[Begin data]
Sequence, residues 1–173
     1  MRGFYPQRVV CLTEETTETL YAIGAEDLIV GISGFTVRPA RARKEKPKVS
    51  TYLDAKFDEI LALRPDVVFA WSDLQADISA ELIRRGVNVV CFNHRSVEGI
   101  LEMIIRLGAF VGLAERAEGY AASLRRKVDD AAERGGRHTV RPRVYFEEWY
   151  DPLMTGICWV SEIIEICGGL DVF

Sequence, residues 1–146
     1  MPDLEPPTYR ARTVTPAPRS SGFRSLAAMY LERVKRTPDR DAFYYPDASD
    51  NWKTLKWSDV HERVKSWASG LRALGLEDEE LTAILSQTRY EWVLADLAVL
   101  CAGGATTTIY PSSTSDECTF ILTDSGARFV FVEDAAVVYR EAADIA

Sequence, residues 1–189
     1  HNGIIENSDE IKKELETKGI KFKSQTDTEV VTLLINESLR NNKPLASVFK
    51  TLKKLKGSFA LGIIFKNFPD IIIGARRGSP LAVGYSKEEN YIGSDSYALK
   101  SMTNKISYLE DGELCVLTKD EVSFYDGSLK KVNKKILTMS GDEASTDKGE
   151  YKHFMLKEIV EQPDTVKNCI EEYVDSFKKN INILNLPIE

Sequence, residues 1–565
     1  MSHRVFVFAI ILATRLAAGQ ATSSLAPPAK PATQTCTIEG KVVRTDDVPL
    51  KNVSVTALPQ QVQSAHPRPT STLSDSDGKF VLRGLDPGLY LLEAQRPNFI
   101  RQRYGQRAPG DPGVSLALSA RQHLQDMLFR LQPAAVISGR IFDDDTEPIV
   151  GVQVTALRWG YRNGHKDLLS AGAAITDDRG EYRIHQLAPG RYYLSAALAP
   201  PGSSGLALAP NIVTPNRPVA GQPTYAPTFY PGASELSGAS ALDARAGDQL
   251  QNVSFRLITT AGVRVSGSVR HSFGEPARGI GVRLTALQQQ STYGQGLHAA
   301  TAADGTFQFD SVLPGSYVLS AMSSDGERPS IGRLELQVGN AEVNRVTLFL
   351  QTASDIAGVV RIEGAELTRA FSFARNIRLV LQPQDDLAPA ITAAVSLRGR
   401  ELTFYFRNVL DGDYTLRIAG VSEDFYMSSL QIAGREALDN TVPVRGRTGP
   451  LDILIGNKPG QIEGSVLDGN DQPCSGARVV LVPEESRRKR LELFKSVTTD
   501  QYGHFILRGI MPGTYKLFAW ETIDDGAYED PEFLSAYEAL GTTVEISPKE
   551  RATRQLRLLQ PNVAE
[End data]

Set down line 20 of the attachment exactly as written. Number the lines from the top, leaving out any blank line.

   201  PGSSGLALAP NIVTPNRPVA GQPTYAPTFY PGASELSGAS ALDARAGDQL